I devoted Saturday's post to the State Museum's West Hall, which houses the Beneath the City: An Archaeological Perspective of Albany and The Adirondack Wilderness exhibits, and to part of its South Hall, which houses the permanent Native Peoples of New York exhibit and two temporary exhibits. I planned to devote this post to the remaining South Hall displays and to the East Hall, which focuses, for the most part, on the rise of New York City, but in impulse I decided to dash through the West Hall and revisit a couple of arrangements that I photographed badly on Saturday.
I'm glad I did. I somehow missed this lovely arrangement, which Olive Felio of the Greenbush Garden Club created using willow, 5mm star gysophilia, mini carnations, asters, solidago yellow, and stock. It's one of my favorites.
Moving right along to the South Hall . . . .
An Irrepressible Conflict: The Empire State in the Civil War (closes 22 September 2013), which documents New York's contributions of men, materiel, and money to the war effort and draws upon the collections of not only the State Museum but also the State Archives and State Library and cultural heritage institutions throughout the state. Pam Taft of the Bethlehem Garden Club situated this arrangement of roses, hypericum, snapdragons, delphinium, and laurel in the section of the exhibit devoted to antebellum New York.
Seneca Ray Stoddard: Capturing the Adirondacks. Stoddard was one of the first photographers to document the Adirondacks, and the images he created helped to make the region a popular tourist destination. Meg Bugler of the Capital Region Career and Technical School, Van Rensselaer Garden Club, and Meg Bugler Floral Design used tree fern, bear grass, lemon leaf, curely willow, pussy willow, forsythia, tulips, liatris, seeded eucalyptus, spider mums, sweet William, lily, pine cones to create an arrangement that welcomed visitors to the gallery. Capital Region Career and Technical School students built and finished the Adirondack chair.
Felthausen's Florist created. It brings together liatris, iris, white Monte Casino, sheet moss, and pussy willow.
Metropolis Hall exhibit that occupies most of the East Hall focuses first on the natural environment. The arrangement that Sue Hankamp of the Bill Doran Company created using kalanchoe, phalaenopsis orchid, croton, sansviera laurentii, hedera, and other plants exemplified the diversity of plant life that can be found in vacant city lots. (It also honored Whiskers Animal Benevolent League, which is dedicated to humanely stabilizing Albany's feral cat population and finding forever homes for the displaced house cats that end up living on the edge of feral colonies. One of my cats came to me via Whiskers, and I can attest to the good work Whiskers does.)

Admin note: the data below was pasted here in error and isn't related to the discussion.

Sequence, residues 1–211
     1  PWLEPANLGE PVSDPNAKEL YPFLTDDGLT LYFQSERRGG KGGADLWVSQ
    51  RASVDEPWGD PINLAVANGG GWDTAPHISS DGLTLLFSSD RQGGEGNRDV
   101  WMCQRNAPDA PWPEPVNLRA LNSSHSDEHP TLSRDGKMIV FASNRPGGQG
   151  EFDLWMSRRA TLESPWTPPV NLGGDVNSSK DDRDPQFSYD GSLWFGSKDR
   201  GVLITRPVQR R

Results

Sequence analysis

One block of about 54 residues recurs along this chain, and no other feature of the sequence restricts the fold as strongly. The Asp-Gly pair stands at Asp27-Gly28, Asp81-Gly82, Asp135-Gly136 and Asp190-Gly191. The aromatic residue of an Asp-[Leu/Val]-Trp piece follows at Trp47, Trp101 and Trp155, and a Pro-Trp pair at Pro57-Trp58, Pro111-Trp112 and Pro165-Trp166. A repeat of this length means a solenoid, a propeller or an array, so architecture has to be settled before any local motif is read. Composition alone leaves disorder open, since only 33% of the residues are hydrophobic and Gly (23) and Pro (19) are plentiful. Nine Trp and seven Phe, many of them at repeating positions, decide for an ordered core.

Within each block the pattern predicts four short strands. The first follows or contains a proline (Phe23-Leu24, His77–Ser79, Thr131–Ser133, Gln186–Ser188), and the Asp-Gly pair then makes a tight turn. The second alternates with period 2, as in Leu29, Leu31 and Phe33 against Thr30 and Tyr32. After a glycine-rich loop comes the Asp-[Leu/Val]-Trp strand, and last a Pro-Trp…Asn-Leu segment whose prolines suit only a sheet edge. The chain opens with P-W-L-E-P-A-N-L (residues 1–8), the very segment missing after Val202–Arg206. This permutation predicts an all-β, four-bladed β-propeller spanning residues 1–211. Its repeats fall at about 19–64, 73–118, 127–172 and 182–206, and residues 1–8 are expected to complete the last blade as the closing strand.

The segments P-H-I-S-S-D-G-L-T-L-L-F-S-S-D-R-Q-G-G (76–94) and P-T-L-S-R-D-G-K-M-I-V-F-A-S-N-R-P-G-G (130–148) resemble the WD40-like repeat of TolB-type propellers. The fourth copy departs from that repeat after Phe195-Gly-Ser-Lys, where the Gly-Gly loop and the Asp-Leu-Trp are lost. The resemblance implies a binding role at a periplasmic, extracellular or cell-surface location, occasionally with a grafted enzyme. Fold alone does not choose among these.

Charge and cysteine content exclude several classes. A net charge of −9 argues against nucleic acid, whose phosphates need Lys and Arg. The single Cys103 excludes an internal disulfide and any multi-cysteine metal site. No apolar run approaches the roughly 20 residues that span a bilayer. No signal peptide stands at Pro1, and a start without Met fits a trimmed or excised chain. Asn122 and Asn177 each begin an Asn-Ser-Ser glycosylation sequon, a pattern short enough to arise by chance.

Mohonk Mountain House placed this arrangement of cymbidium orchids, red aranal calla lily, peony, flowered tulips, rananculus, leucadendron, agonis, seeded eucalyptus, maiden grass, wisteria branches, and lotus pods in front of the skeleton of an Atlantic right whale.
Henry F. Clas Florist splendidly complements a reconstruction of a Lenape dwelling. It bamboo, bear grass, carnation, chrysanthemum, delphinium, eucalyptus, feathers, heather, hypericum, huckleberry, laurel, raffia, roses, sphagnum moss, and statice.
Schenectady ARC created a simple, delightfully spring-like arrangement of tulips, iris, lilies, statice, chrysanthemums, pussy willow, and lemon leaf.
Bethlehem Garden Club.
Bethlehem Garden Club created: it features Bibb lettuce, orange unique roses, baby green hydrangea, hypericum berries, carnations, miniature sunflower, Brussels sprouts, potatoes, pears, garlic, and onions.
The Country Florist created a compelling arrangement of Asiatic lily, trachilium, bear grass, carnation, ruscus, and seeded eucalyptus to complement the Tuck High Company storefront, which highlights the development of New York City's Chinatown.
tablescapes" -- a word often used by the governor's girlfriend -- that occupied the Bird Hall in years past. However, yesterday I noted that the tablescapes hadn't gone away; they had merely moved into the South Hall. Donald Bennett of White Cottage Gardens used cymbidium orchids, carnations, magnolia leaves, and sumac branches to create a very modern tablescape in a small gallery chronicling the city's development.
LUSH Floral Design and consists of iris, bird of paradise, circus rose, and spray rose.
When I came to work today, "Once Upon a Time," David Michael Schmidt's mammoth main lobby installation, was being dismantled. All other traces of New York in Bloom had vanished. It's always sad to see New York in Bloom go, but I'm glad that the State Museum's after-school programs will continue to give children and teens who live in Albany's roughest neighborhoods the intensive academic, social, and personal support that they need -- and deserve. And in just a few short weeks, New York really will be in bloom.